Can Web-Savvy Activist Moms Change Japan? : NPR
Japan’s nuclear crisis has turned Mizuho Nakayama into one of a small but growing number of Internet-savvy activist moms.Worried about her 2-year-old son and distrustful of government and TV reports that seemed to play down radiation risks, she scoured the Web for information and started connecting with other mothers through Twitter and Facebook, many using social media for the first time.The 41-year-old mother joined a parents group — one of dozens that have sprung up since the crisis — that petitioned local officials in June to test lunches at schools and day care centers for radiation and avoid using products from around the troubled nuclear plant.”It’s the first time for anyone in our group to be involved in this type of activism,” said Nakayama, who now carries a Geiger counter with her wherever she goes.Public dismay with the government’s response to this year’s triple disaster — earthquake, tsunami and nuclear meltdown — is driving some Japanese to become more politically engaged, helped by social and alternative media. While still fledgling, it’s the kind of grass-roots activism that some say Japan needs to shake up a political system that has allowed the country’s problems to fester for years.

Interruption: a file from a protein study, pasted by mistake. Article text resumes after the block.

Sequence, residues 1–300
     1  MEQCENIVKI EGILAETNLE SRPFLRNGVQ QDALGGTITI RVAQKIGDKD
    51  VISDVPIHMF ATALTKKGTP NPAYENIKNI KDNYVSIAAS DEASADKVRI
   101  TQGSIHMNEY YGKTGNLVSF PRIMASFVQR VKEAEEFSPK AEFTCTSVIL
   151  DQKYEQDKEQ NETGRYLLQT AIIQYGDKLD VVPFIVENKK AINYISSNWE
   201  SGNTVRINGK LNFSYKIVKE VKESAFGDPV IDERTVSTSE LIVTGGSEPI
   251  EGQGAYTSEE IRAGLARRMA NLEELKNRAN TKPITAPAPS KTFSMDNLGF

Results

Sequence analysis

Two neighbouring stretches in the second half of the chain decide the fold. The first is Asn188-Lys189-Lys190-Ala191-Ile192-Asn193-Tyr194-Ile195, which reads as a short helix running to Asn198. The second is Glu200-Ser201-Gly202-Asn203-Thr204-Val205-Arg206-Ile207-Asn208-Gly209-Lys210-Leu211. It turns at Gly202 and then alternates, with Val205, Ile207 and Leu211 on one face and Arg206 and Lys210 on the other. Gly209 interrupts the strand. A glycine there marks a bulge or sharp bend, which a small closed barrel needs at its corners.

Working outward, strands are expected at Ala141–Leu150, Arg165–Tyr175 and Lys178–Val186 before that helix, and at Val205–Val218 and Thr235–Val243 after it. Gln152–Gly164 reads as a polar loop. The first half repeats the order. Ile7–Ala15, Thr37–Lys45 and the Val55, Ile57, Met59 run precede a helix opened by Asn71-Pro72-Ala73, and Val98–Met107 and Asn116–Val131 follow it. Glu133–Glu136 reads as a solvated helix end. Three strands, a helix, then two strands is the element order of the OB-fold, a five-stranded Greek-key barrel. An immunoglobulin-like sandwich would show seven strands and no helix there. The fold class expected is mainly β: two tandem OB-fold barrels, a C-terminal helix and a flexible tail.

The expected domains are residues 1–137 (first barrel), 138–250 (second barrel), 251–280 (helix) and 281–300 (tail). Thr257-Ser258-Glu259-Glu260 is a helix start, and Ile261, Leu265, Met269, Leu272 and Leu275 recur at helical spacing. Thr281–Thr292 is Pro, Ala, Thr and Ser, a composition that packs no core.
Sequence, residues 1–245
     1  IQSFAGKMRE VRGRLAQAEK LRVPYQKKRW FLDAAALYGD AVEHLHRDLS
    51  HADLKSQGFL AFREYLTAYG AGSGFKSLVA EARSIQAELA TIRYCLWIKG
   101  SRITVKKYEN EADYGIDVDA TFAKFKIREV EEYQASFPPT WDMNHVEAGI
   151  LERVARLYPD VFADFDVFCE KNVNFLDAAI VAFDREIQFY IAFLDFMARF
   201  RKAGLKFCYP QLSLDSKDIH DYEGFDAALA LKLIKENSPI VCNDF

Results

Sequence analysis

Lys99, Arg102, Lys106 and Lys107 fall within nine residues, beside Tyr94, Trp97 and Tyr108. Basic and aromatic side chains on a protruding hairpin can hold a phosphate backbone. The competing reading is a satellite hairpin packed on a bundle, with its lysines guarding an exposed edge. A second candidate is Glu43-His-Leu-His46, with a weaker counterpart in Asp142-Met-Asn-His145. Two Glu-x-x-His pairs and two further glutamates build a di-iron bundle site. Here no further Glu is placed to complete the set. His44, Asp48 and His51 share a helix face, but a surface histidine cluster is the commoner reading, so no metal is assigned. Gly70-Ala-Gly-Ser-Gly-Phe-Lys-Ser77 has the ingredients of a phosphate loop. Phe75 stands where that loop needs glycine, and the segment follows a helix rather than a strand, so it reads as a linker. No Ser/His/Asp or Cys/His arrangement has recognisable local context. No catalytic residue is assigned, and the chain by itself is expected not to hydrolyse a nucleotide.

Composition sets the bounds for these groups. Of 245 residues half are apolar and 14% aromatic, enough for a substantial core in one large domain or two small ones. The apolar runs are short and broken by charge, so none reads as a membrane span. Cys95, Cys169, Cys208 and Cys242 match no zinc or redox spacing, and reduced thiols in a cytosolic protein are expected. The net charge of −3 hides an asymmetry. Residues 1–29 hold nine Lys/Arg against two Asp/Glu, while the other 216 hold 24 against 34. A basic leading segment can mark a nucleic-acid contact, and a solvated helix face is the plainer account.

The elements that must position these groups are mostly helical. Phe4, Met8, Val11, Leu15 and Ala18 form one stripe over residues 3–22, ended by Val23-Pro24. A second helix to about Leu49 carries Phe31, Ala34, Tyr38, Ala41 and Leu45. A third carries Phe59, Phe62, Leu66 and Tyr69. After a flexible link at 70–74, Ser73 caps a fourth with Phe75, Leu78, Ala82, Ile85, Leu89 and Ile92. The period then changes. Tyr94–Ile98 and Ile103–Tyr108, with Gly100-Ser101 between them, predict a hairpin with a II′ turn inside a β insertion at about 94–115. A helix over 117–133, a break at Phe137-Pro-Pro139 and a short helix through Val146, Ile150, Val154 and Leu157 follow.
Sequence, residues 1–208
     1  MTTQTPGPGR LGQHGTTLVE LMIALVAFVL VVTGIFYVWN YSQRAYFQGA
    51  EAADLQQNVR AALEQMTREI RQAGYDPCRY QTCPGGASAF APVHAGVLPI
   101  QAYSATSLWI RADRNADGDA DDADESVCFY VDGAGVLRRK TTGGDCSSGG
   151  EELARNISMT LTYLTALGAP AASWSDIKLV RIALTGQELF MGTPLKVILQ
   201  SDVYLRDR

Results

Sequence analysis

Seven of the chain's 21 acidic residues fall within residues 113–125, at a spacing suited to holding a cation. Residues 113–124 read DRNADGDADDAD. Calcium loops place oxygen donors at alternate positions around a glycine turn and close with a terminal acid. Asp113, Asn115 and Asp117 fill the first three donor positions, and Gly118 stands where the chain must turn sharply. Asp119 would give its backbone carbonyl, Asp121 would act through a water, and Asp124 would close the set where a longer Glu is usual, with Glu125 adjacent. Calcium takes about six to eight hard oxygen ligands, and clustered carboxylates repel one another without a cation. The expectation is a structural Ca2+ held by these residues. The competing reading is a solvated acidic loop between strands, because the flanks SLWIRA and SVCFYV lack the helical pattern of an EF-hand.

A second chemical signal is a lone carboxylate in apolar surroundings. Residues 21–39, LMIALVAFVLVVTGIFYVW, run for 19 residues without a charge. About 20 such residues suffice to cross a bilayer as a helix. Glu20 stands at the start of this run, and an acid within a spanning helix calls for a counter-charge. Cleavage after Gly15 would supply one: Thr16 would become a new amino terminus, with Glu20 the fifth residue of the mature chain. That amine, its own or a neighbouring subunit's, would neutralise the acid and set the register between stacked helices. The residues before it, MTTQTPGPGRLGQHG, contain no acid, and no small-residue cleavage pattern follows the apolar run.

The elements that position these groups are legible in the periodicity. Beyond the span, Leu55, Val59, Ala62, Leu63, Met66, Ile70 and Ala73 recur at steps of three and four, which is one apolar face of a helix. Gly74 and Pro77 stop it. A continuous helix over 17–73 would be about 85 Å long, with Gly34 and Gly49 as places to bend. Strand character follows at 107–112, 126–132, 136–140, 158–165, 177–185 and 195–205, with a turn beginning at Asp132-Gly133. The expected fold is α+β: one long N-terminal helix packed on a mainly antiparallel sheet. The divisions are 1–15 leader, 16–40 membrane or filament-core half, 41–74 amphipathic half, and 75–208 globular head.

via Can Web-Savvy Activist Moms Change Japan? : NPR.